Visceral Leishmaniasis (Kala-azar, Dum-Dum Fever, Black Sickness) — photos

Symptoms and syndromes in photos

Main » Infectious diseases » Arthropod-borne Infection » Visceral Leishmaniasis (Kala-azar, Dum-Dum Fever, Black Sickness)

Distribution Visceral leishmaniasis caused by L. donovani or L. infantum

Distribution Visceral leishmaniasis caused by L. donovani or L. infantum occurs in the Mediterranean littorals, the Middle East and adjacent parts of the USSR, the Sudan, East Africa, the Indian subcontinent and China, and South America ('L. chagasV). An arid warm environment provides ideal ecological conditions for the breeding of many species of sandflies. Kala-azar is commonly associated with dry, rocky hill country.

Termite hill association.

Photo 1. Termite hill association. In East Africa kala-azar is associated with dwellings situated near large termite hills. The vectors become infected by biting rodents which live in the holes in the termite hills, and later transmit the disease to people living in the vicinity.

Reservoirs of kala-azar.

Photo 2. Reservoirs of kala-azar. The photograph shows blood being collected from a dog for serological detection of kala-azar. Man is the only reservoir in India but elsewhere kala-azar is a zoonosis. Dogs, wild carnivores, and various species of rodents are commonly infected in rather focal fashion.

Clinical picture of kala-azar in Kenya.

Photo 3. Clinical picture of kala-azar in Kenya. Increasing enlargement of the spleen and liver is a characteristic feature, while in dark complexioned subjects deepening skin pigmentation is seen - hence the synonym kala-azar, the 'black sickness'. A generalised lymphadenopathy is common in African kala-azar.

Temperature chart in kala-azar.

Photo 4. Temperature chart in kala-azar. The temperature chart shows a double peak every 24 hours. Despite the high temperature the patient often looks remarkably well and has a good appetite. A leucopenia with a relative lymphocytosis is often present.

Amastigotes of Leishmania in blood of experimental rodent.

Photo 5. Amastigotes of Leishmania in blood of experimental rodent. The blood picture is highly suggestive, comprising a marked granulopenia, moderate to severe anaemia without any special features and a very high ESR. Thrombocytopenia may lead to haemorrhagic manifestations. Occasionally amastigotes are seen in circulating macrophages. (x900)

Infantile kala-azar.

Photo 6. Infantile kala-azar. Children present with irregular fever, anaemia, a moderately enlarged, non-tender liver, and a greatly enlarged firm spleen.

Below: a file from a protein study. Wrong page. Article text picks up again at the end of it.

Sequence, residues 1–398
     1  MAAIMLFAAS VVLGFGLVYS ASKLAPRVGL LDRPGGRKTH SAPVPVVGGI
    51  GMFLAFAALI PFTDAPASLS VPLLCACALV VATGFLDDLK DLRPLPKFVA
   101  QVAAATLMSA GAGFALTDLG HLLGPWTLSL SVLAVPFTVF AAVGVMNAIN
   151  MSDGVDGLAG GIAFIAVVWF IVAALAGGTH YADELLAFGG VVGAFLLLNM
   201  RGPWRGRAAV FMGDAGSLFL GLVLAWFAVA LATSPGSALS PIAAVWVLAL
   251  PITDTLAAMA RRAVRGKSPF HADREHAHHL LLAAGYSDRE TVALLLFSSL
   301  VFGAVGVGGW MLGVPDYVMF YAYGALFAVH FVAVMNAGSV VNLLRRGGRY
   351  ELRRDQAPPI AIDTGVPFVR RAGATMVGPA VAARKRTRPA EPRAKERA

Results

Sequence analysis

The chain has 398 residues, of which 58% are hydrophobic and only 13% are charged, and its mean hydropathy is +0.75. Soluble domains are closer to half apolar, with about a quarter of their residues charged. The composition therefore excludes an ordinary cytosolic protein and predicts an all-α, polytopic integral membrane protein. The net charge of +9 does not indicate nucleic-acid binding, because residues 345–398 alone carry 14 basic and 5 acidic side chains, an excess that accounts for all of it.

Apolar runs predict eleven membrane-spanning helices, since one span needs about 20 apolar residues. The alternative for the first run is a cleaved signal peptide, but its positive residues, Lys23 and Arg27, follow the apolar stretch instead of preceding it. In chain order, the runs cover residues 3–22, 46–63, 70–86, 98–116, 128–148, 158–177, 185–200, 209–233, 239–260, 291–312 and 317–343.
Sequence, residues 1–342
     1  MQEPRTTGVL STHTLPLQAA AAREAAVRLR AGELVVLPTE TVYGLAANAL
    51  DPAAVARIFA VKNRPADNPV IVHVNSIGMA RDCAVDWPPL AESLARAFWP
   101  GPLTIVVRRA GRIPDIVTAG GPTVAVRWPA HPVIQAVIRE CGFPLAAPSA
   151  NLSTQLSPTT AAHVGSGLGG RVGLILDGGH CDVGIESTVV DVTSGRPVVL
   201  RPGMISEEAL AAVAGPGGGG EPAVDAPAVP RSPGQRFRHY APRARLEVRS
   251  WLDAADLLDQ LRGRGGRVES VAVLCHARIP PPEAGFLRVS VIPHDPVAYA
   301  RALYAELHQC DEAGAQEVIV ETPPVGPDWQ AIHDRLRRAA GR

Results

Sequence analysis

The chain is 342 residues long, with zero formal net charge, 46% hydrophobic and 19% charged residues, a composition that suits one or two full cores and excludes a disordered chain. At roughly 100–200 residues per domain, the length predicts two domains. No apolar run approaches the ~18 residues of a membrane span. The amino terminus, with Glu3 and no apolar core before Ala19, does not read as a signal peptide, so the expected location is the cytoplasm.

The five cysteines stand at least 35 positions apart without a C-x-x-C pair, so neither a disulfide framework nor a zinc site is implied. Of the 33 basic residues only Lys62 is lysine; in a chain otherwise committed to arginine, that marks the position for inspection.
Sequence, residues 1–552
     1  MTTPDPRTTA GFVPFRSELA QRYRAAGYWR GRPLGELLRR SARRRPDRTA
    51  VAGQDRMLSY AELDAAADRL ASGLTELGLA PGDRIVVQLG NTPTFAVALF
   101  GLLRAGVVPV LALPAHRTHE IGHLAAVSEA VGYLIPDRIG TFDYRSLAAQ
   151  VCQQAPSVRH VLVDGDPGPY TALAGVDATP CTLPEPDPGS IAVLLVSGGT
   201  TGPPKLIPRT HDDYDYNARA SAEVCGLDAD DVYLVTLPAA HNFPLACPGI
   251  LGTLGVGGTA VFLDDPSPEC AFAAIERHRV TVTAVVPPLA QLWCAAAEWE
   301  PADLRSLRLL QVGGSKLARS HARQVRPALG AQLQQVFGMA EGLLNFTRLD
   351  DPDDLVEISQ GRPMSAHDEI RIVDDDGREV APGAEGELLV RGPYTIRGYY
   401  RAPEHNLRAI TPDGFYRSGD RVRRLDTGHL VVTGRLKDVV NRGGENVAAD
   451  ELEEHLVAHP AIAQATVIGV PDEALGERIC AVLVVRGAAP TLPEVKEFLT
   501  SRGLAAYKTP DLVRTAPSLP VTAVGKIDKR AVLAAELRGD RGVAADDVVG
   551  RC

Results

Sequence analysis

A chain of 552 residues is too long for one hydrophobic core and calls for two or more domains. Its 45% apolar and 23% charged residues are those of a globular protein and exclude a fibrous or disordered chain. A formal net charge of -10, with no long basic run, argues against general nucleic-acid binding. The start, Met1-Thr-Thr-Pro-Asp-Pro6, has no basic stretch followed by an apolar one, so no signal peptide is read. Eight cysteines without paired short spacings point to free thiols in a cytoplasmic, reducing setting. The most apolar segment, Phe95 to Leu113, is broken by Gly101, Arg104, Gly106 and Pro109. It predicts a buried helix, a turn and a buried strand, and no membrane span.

Post kala-azar dermal leishmanoid (PKDL).

Photo 7. Post kala-azar dermal leishmanoid (PKDL). This syndrome is a sequel to visceral leishmaniasis following treatment. Dermal lesions which vary in appear­ance contain amastigotes in large numbers. Some start as hypopigmented macules. The lesions are highly infectious to sandflies.

PKDL in a Chinese patient.

Photo 8. PKDL in a Chinese patient. The patient was completely cured by chemo­therapy. This response differentiates the condition from the anergic 'diffusa' type of leishmaniasis (210-212).

Smear of bone marrow.

Photo 9. Smear of bone marrow. The prime means of diagnosis is the detection of amastigotes in bone-marrow, spleen or blood. They are recognised in dried smears of material stained by Giemsa's method by their characteristic morphology. While typically found in macrophages, isolated extracellular amastigotes are commonly seen in such preparations. (x 900)

Diagnosis by animal inoculation.

Photo 10. Diagnosis by animal inoculation. The parasites may be isolated by intrasplenic inoculation into hamsters. After four to six weeks characteristic visceral lesions are seen macroscopically, and amastigotes are found in large numbers in smears of the liver and spleen. Picture taken at autopsy.

Promastigotes in NNN culture.

Photo 11. Promastigotes in NNN culture. After inoculation of aspirated material into a special blood agar medium (NNN medium, ie Novy-Nicolle-MacNeal) and incubation at 28°C for one to four weeks promastigotes may appear. L. donovani is more readily isolated in culture than L. infantum.(x 900)

Serum proteins before and after treatment of kala-azar.

Photo 12. Serum proteins before and after treatment of kala-azar. Large quantities of IgG are produced by patients with kala-azar and the A/G ratio is reversed. This may be demonstrated by electrophoresis (187a), or by simple tests such as the addition to serum of a drop of 30% formalin. The formation of a gel demonstrates the presence of a high proportion of globulin (formol-gel test) (187b).

Serum proteins before and after treatment of kala-azar (formol-gel test)

Photo 13. Serum proteins before and after treatment of kala-azar(formol-gel test).

Immunofluorescence of L. donovani amastigotes.

Photo 14. Immunofluorescence of L. donovani amastigotes. Only a small proportion of the increased IgG is specific anti-leishmanial antibody. The IgG can be demon­strated by the fluorescent antibody test using cultured promastigotes of L. donovani or tissue smears with amastigotes. The CFT becomes positive later than the FAT. (X1250)

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